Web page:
Oil & Gas News

Peak Oil Production, Not In The Permian

Permian, Production

The Permian basin, which spans across Texas and New Mexico, is the largest shale oil basin in the country and has not yet reached its peak production levels. Occidental Petroleum’s CEO, Vicki Hollub, stated on Wednesday that the increasing output from this region would play a crucial role in offsetting declining production from other basins in the foreseeable future.

The U.S. Energy Information Administration (EIA) has provided valuable data on this topic, predicting that crude oil output in the Permian basin will experience a significant rise to a record high of 5.62 million barrels per day (bpd) this month. This increase amounts to a 26,000 bpd growth from March, which, while substantial, is the smallest increase since December of the previous year. The EIA’s data serves to underscore the importance of the Permian basin in the context of the U.S. energy landscape and the global oil market.

Simultaneously, oil prices have experienced a remarkable surge, climbing above $80 since the beginning of the month. This increase is a direct result of the unexpected decision by OPEC+, which consists of the Organization of the Petroleum Exporting Countries and allies like Russia, to implement voluntary production cuts of 1.66 million bpd. These cuts will be in effect from May until the end of 2023. The primary goal of OPEC+’s decision is to maintain a delicate balance between supply and demand in the global oil market, as noted by Kuwait Petroleum Corporation’s CEO, Shaikh Nawaf S. Al-Sabah.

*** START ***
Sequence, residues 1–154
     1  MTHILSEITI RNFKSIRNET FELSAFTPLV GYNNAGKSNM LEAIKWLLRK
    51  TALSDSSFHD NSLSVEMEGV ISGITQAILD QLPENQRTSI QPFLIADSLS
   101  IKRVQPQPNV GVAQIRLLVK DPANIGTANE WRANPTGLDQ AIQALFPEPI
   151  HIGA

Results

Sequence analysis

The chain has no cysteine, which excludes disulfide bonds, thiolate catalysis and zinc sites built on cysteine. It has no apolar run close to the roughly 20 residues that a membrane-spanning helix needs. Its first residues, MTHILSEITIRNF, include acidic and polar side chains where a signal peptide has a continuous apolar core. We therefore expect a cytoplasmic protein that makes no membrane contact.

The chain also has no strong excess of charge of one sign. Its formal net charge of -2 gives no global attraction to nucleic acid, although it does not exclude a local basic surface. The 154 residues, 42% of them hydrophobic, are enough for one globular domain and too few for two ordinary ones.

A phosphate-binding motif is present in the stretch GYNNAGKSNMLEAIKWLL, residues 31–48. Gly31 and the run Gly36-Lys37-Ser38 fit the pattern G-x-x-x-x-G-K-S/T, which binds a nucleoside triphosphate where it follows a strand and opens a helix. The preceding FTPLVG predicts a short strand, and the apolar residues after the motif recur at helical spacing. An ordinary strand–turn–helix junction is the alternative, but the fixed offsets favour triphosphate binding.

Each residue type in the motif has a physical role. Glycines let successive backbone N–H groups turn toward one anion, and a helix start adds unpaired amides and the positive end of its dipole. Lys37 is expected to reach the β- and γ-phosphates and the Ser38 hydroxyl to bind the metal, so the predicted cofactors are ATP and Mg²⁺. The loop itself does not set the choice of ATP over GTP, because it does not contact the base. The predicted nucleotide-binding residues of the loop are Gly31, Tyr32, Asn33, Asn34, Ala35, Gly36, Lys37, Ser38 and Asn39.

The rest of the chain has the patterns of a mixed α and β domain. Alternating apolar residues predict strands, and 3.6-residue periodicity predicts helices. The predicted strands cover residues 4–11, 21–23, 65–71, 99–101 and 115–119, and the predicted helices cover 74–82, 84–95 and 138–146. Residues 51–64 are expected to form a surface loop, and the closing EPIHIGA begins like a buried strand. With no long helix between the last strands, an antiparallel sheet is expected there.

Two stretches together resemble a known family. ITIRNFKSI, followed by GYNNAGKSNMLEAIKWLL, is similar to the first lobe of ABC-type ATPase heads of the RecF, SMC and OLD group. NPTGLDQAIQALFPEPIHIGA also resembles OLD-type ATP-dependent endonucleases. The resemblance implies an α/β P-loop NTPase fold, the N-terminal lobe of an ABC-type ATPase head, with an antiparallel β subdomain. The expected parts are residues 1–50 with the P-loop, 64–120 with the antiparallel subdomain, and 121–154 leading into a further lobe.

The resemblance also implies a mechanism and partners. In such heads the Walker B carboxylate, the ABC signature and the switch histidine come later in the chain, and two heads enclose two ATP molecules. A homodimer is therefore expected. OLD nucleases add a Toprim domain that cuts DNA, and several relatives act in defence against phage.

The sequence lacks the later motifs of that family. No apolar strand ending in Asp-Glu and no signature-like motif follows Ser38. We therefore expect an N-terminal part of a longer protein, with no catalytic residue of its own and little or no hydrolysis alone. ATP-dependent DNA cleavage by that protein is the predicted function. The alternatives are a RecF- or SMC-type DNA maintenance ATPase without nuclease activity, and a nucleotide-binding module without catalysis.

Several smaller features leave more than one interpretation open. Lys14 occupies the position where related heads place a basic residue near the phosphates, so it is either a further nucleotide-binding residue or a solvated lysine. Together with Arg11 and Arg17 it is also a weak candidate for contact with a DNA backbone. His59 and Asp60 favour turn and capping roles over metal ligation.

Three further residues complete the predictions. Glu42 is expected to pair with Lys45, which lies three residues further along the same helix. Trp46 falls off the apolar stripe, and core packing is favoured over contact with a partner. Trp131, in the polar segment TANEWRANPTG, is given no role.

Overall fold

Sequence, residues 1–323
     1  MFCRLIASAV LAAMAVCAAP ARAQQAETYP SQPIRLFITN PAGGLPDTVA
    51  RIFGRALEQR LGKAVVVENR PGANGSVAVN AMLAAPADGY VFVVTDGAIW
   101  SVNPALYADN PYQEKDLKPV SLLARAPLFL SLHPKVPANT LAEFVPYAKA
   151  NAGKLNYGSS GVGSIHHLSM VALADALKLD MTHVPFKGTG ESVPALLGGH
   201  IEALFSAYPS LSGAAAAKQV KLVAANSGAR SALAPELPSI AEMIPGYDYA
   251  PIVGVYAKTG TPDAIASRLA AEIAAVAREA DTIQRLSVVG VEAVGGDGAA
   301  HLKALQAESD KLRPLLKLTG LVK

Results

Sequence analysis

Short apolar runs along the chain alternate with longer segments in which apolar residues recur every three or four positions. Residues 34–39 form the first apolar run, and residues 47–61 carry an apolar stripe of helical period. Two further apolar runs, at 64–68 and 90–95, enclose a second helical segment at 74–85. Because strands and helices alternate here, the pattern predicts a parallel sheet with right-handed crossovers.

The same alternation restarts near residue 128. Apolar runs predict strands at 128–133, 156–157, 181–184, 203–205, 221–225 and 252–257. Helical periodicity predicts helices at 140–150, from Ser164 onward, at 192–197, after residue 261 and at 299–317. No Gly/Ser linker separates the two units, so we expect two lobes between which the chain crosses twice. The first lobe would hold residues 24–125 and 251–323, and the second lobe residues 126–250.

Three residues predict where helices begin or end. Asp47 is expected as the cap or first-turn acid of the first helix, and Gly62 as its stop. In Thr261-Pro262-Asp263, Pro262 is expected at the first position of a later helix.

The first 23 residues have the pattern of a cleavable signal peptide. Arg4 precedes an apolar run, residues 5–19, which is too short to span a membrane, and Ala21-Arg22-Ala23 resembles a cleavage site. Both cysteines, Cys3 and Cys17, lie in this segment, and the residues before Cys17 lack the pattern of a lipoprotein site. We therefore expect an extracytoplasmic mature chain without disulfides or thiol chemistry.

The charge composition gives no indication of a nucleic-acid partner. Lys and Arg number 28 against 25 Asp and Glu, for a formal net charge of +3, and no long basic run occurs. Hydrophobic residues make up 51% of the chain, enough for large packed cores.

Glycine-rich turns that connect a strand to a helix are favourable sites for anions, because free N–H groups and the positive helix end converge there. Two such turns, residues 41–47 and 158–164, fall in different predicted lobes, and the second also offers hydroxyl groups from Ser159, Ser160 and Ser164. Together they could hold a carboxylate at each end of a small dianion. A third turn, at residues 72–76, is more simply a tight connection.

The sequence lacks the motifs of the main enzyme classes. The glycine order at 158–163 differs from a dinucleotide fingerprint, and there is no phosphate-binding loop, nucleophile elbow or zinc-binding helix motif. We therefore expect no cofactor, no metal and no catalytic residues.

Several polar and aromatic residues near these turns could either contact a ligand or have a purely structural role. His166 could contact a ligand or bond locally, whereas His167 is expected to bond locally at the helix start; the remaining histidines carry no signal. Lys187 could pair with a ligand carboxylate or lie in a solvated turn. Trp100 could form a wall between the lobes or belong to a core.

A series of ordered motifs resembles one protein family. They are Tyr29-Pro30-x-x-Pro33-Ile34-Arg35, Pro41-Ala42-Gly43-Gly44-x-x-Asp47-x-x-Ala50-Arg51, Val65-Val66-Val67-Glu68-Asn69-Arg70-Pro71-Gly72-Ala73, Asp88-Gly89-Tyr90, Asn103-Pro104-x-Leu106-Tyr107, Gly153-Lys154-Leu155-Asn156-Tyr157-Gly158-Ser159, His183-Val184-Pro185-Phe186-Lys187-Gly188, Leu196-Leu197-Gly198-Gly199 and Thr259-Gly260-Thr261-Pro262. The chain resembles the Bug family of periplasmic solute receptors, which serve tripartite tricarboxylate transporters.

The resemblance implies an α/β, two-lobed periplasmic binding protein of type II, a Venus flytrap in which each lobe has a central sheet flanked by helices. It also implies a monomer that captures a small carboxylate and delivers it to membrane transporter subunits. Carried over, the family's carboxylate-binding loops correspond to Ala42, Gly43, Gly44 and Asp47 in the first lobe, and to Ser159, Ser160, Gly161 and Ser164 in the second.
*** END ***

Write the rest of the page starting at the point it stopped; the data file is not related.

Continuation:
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Furthermore, Permian basin operator Pioneer Natural Resources’ CEO, Scott Sheffield, has provided his perspective on the future of oil prices. Sheffield suggests that if oil prices manage to surpass the $90 per barrel mark, they are likely to reach $100 per barrel within the current year. He further estimates that oil prices will stabilize within a $90-$100 range for a considerable period. This potential shift in oil prices is of great importance to the energy industry, as it will have wide-ranging implications not only for oil producers but also for consumers and the broader global market.

In conclusion, the ongoing developments in the U.S. Permian basin and the global oil market are of critical importance for the energy industry. The increasing output from the Permian basin will play a vital role in counterbalancing declining production in other regions, while OPEC+’s decision to cut production will have a significant impact on oil prices. As these factors continue to influence the market, it is crucial for industry stakeholders and policymakers to closely monitor the situation and be prepared to adapt to the evolving landscape.

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